In our ‘Travel Tales’ series, we invite our travellers and colleagues to share their most memorable holiday experiences. ETG travel consultants regularly visit their specialist destinations to ensure our advice is fresh, up-to-date and first-hand. This is how each hotel, experience and mode of transport we recommend has been road-tested and reviewed. Here Sara shares her story about the Abode in Sri Lanka….
I’d been at Experience Travel Group just a few months when I learnt about Abode, a responsibly managed, creative community tourism programme nestled in the heart of the Knuckles mountains. Abode is a unique, fantastic enterprise that supports a fringe community of just 6 people in central Sri Lanka, Northeast of Kandy. It is an immersive trekking programme that splits your time between a remote village and the Abode mudhouse, the only residence located deep in the Knuckles biosphere. The intrepid remoteness and cultural engagement, as well as the simplicity of getting back to nature, appealed to me immediately. So when I got the opportunity to visit on my latest work trip to Sri Lanka, I seized it!
Our adventure began at Matale, a busy commercial town, where we met Sid (aka Sidanta), who works with fringe communities of the Knuckles Mountain Range to facilitate responsible tourism and support their subsistence lifestyle. We set off by car, climbing the hairpin roads through tea plantations, passing through cloud forest and different ecosystems as we ascended– the stunning red Mara flat canopy tree, firs and yea to name just a few. The scenery became ever more breathtaking as we drove for 2 hours before reaching a little village named Ratkinda, comprised of 4-5 small, brightly painted bungalows.We were introduced to Sid’s adopted family, VJ (or Grandpa, as we called him), Grandma and their son Agir. Despite the language barrier, everyone was warm and welcoming; Sid translated excellently and we soon felt part of the family, sipping black tea with jaggery on rickety homemade stools on the verandah, all together, while Grandpa picked into his bag of tricks to chew on betel. The pace of life is slower here in the village.
Later we headed through the fields to the river below for a swim. It was fresh and idyllic, and a little ticklish as fish nibbled our toes.
Grandma served us a delicious meal of chicken curry and the local spirit, arak, was offered around. It was an intimate occasion: the 4 of us sitting by candlelight on the verandah listening to the sounds of the forest and the warm wind in the trees. To sleep, I had the guest bedroom and kept the window shutters open so a fresh wind blew through. I was glad of the arak soporific!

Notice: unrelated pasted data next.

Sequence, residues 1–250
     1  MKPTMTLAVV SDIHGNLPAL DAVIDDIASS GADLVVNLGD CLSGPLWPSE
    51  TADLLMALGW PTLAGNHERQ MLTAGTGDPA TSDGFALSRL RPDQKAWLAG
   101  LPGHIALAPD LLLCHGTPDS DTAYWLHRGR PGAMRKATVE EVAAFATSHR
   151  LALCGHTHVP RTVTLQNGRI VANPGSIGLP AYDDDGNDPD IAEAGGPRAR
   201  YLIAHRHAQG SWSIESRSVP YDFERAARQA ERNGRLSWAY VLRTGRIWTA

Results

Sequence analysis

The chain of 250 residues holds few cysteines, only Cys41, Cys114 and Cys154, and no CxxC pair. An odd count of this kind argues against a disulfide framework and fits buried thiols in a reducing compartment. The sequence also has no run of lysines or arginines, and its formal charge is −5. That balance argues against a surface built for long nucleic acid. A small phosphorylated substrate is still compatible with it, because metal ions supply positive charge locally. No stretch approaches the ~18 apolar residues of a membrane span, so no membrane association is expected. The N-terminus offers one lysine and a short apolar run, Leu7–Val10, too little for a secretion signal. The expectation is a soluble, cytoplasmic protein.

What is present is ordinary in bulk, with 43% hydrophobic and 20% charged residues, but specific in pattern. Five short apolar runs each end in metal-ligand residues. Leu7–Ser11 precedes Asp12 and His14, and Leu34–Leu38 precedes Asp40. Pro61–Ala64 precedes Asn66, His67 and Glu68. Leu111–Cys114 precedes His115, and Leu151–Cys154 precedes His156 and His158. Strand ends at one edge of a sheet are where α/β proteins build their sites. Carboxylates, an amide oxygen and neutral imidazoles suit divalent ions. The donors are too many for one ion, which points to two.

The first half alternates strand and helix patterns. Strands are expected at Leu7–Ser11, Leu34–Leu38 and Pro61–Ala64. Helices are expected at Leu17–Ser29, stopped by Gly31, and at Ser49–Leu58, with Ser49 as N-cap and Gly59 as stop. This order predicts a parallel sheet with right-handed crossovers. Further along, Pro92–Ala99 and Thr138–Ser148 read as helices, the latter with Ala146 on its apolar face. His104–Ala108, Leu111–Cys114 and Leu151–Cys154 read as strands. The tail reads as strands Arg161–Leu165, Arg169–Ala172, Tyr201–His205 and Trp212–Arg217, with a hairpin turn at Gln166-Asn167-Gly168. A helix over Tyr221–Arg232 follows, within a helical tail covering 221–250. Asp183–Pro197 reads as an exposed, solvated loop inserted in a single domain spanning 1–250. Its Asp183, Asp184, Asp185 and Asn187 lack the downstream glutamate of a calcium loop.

The next morning our trekking party set off on our 2.5hr trek to Abode. Agir accompanied us with a turban of food goodies balanced on his head, Grandpa with his machete and broom – apparently to fashion some more furniture that Abode needed as well as to do some spring cleaning. The terrain was undulating, mostly under a canopy to keep out of the fierce sun, and there were a couple of steep inclines & ridges to tackle. Our reward was the scenery: rocky outcrops, wild uncultivated landscapes and, somewhere in the middle, Abode.
The only residence in this biosphere, apparently the forestry commission had opposed the Abode’s location, but VJ’s deed proved the land rights for the ancestral home and Abode still stood firm. A traditional mudhouse, set in a horseshoe ridge, with just three rooms: 2 bedrooms and a kitchen with a traditional clay hearth in the corner where Agir worked his cooking magic – concocting flavoursome curries from the ingredients carried in – tinned mackerel, beetroot – and the wild herbs, curry leaves, and fruits picked locally.
We whiled away the day reading under the shade of a tree, swimming in the nearby river under a waterfall, played cricket and savouring the peace. The lack of wifi forced us to relax! Sunsets in this remote location were breathtaking, and the stars incredible as there was no light pollution. Abode has no electricity and so the evening was beautifully illuminated by candles, fireflies and a campfire.
The experience is like camping with a cultural edge, fun for both adults and kids alike to explore in the wilds and Sid is the perfect host. It’s a rare cultural treat to encounter this community and experience a simple lifestyle, if for a couple of days.
And, while it’s well worth going without your creature comforts, to be prepared for the experience I’d recommend you take the following:
- Baby wipes
- Earplugs & eye mask if you want to sleep well!
- Water bottle
- Swimming costume
- Book (siesta under tree read)
- Mosquito repellent (only needed in the forest, not in the windy horseshoe ridge)
- Trainers & flipflops
If you wanted to talk to an expert about planning your Sri Lanka trip, do call 020 3627 5175 or email us with your questions here.